We’ve discussed workplace discrimination and harassment and how to ensure you treat all employees fairly and avoid potential litigation. However, many employers fail to understand the complete picture of workplace retaliation—which often follows discrimination.
Of course, you care about your team. You can’t imagine discriminating against them, never mind punishing them for acting within their rights.
But this is where it gets tricky—and why workplace retaliation claims are the most common filed with the Equal Employment Opportunity Commission (EEOC). Employers often fail to:
- Understand what falls under protected activity
- Train management on handling employee complaints
- Develop a complaint process and policy
- Enforce policies equally company-wide
So, what qualifies as retaliation, and how can you avoid it in your organization? We’re breaking it down below.
What is workplace retaliation?
Workplace retaliation occurs when an employer punishes an employee for engaging in protected activity. This can come from a manager, supervisor, administrator, or business owner.
For instance, this could mean a salary reduction, denying a raise or promotion, demotion, or job or schedule change. More subtle workplace retaliation examples can include a negative performance review or removal from an important project.
These are known as adverse actions, as they are meant to intimidate a reasonable employee from making a complaint against the employer or engaging in any protected activity.
What qualifies as protected activity?
Under federal law, employees and applicants have the right to complain about workplace harassment or discrimination directly to their employer and external bodies like the EEOC without fear of retaliation. There are many types of protected activity, such as:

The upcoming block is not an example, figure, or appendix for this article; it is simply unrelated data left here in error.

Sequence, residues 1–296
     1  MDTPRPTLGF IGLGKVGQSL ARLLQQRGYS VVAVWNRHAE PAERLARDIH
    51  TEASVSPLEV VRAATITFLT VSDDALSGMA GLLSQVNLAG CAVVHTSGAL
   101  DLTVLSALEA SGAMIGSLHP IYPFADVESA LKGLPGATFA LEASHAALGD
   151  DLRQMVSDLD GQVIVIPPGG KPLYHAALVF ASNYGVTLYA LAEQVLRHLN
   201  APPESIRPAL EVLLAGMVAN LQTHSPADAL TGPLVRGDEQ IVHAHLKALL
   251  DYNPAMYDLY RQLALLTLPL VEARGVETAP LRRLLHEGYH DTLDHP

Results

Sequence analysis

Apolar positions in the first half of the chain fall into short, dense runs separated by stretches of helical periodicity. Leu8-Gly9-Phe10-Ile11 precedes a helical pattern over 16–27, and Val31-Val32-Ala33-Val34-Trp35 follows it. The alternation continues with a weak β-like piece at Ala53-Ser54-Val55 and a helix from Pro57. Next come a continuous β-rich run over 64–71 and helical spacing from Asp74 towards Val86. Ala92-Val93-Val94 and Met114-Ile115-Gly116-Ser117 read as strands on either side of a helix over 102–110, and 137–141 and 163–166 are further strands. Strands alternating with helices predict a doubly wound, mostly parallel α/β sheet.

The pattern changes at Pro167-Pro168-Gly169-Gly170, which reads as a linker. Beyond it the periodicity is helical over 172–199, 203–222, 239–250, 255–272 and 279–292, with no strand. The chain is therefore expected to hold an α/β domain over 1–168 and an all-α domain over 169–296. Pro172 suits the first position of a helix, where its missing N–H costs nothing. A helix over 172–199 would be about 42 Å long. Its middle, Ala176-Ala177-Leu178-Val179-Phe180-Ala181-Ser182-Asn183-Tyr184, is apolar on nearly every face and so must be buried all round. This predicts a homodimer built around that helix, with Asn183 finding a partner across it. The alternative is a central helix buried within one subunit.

- Filing an EEO charge, complaint, investigation, or lawsuit
- Acting as a witness or answering questions during a discrimination or harassment investigation
- Reporting discrimination or harassment to a manager or supervisor
- Declining orders that would result in discrimination
- Rebuffing sexual harassment or intervening to protect others
- Requesting a religious or disability accommodation
- Inquiring about salary information with managers or coworkers to uncover potentially discriminatory wages
- Discussing wages, benefits, or other working conditions
A complaint doesn’t have to be formal to be protected—it is protected as long as the employee was acting on a reasonable belief that something in the workplace may violate EEO laws.
Keep in mind that these protections apply to all:
- Employees (full-time, part-time, seasonal, temporary, and probationary)
- Job candidates
- Former employees covered by EEO laws
- Employees who complain about perceived discrimination against coworkers
Their citizenship or work authorization is irrelevant.
How does this relate to disability accommodation requests?
Workplace retaliation can occur when an employee with a disability requests a reasonable accommodation and then experiences adverse action(s) as a result. Even if they receive the accommodation, a manager or coworkers could retaliate in one of the ways listed above or by creating a hostile work environment.
Employers have a legal obligation to provide reasonable accommodations to employees with disabilities. They cannot retaliate against employees for requesting an accommodation or exercising their rights under the Americans with Disabilities Act (ADA).
To avoid workplace retaliation claims, employers must create a culture that supports disability accommodations and ensure employees feel comfortable requesting them without fear of retaliation.
Learn how to properly handle an ADA accommodation request properly to give employees what they need and keep your company compliant.